- Electricity demand drops in both Boston and New York City
- Entergy boosts power output at its Pilgrim nuclear plant
Wholesale electricity prices from Boston to New York slid as demand declined and a nuclear power plant boosted production.
Electricity consumption in ISO New England Inc.’s six-state grid tumbled 5.8 percent at 3 p.m. Wednesday from the same time a day earlier, the network manager said. Demand in Manhattan and its four neighboring boroughs retreated 13 percent, according to the New York Independent System Operator Inc.
Entergy Corp.’s 670-megawatt Pilgrim power plant outside of Plymouth, Massachusetts, raised output to 82 percent of capacity from 1 percent a day earlier, according to the U.S. Nuclear Regulatory Commission.
Most of New England can expect a mix of sun and clouds along with seasonable temperatures and decreasing humidity, according to WSI Corp. in Andover, Massachusetts. The high in Boston Wednesday was forecast to be 82 degrees Fahrenheit (28 Celsius) after reaching 81 on Tuesday, according to AccuWeather Inc.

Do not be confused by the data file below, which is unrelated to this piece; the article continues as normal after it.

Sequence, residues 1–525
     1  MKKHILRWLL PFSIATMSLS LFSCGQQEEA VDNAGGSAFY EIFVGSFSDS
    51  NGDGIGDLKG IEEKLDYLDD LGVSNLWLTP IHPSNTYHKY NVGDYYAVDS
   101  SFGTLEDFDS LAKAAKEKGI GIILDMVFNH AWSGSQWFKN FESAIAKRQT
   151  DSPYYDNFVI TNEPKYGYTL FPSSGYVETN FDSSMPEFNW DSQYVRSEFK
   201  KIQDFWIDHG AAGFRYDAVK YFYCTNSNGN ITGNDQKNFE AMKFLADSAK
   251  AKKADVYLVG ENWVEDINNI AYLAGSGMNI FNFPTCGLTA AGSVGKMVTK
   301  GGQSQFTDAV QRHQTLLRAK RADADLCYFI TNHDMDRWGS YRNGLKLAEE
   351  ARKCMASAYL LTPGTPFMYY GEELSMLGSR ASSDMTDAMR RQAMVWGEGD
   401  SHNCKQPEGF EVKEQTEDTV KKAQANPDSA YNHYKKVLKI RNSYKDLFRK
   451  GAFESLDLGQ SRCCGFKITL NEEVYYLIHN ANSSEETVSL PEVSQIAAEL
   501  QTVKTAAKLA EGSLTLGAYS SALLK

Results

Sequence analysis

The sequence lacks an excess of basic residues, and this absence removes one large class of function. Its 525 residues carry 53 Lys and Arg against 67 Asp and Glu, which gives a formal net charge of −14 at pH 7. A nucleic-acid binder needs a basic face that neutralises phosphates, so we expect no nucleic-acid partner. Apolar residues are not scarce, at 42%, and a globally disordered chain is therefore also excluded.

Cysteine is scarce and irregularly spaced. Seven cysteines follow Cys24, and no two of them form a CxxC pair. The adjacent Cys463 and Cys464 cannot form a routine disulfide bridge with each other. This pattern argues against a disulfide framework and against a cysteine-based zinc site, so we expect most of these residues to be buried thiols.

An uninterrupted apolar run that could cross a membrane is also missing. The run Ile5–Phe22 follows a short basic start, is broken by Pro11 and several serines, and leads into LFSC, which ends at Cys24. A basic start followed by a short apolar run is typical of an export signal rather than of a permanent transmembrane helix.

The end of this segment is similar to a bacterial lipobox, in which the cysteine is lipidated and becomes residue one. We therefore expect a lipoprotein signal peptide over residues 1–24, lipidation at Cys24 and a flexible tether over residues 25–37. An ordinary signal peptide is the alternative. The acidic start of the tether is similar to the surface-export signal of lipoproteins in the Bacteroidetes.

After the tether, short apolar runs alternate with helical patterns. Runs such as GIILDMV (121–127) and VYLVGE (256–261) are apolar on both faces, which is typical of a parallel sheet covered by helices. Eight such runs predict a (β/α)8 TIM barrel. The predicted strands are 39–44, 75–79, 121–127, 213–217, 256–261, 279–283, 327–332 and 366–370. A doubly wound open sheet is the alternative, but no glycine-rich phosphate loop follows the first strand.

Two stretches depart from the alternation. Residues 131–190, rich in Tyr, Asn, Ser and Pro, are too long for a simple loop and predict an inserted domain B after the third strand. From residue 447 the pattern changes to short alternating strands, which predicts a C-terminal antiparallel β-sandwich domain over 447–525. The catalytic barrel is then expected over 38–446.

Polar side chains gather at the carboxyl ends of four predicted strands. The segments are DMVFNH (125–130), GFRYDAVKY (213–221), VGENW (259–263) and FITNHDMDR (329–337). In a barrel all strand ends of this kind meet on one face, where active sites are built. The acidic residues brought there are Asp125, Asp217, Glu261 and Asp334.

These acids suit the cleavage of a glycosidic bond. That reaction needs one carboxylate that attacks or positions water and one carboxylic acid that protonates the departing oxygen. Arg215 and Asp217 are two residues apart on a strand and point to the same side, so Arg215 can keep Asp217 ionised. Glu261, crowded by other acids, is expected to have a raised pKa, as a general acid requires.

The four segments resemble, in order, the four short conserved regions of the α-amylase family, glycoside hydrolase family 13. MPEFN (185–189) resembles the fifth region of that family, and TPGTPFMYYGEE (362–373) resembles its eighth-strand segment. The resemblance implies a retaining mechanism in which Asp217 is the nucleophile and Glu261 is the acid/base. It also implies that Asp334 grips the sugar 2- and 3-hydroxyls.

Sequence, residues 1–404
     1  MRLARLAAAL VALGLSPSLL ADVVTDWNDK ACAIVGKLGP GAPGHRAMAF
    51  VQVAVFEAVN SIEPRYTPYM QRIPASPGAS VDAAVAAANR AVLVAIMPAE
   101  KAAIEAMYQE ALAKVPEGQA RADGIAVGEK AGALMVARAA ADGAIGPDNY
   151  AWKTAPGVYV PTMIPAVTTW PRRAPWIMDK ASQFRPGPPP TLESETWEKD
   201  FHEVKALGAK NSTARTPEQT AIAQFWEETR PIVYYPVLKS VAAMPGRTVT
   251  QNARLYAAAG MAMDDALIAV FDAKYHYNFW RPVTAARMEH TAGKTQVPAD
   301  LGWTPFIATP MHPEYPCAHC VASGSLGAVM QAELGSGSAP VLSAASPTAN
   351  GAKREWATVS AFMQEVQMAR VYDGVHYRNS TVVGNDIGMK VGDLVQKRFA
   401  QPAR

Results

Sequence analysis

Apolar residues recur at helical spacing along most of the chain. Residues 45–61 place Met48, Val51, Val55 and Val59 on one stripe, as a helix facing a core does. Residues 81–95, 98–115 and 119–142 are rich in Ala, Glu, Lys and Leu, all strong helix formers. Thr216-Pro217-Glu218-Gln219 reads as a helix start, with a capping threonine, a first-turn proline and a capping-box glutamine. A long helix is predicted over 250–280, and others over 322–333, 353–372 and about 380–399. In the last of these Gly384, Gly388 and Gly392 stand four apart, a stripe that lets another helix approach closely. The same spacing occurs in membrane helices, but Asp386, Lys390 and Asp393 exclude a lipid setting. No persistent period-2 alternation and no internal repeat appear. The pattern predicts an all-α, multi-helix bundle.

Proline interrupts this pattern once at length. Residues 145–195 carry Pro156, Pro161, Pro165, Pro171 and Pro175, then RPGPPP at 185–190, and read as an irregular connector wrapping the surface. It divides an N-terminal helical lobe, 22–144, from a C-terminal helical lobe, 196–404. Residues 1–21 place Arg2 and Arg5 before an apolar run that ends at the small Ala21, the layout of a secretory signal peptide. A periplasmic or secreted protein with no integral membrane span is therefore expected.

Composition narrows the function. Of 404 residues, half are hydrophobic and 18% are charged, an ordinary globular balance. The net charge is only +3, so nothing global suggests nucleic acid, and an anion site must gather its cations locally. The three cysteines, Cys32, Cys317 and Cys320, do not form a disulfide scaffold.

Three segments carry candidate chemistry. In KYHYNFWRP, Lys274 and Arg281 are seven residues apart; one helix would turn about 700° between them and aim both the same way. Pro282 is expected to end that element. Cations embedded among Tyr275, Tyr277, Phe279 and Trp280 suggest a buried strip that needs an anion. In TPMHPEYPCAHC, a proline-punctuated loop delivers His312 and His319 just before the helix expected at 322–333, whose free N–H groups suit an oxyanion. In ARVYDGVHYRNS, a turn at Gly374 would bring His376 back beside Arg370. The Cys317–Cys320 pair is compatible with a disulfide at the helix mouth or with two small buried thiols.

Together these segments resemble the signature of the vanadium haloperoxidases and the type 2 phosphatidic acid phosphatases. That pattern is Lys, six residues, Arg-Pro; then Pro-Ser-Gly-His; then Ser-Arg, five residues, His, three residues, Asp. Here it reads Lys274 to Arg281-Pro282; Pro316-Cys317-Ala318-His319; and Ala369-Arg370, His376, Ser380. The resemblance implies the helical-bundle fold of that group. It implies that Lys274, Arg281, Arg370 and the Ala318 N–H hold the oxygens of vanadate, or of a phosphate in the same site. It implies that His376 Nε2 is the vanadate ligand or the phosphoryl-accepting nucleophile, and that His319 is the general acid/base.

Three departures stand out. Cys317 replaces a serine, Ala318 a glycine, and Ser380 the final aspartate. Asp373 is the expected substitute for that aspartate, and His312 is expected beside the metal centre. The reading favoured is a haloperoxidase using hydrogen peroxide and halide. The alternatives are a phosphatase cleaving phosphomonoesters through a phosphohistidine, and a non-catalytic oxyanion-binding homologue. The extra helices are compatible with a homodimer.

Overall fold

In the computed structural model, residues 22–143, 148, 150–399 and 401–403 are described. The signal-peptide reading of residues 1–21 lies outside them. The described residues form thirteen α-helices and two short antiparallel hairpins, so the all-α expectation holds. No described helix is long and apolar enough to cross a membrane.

Spot wholesale power for the hub for Boston and Northeast Massachusetts slipped $34.32, or 53 percent, to average $29.94 a megawatt-hour during the hour ended at 3 p.m. Wednesday from a day earlier, grid data compiled by Bloomberg show.
Power in the New York market fell $58.51, or 67 percent, to average $28.85.
Average on-peak power in New York traded 59 cents less than Boston, narrowing from a $13.03-discount Tuesday, and compared with a three-month average premium for New York of 82 cents a megawatt-hour.
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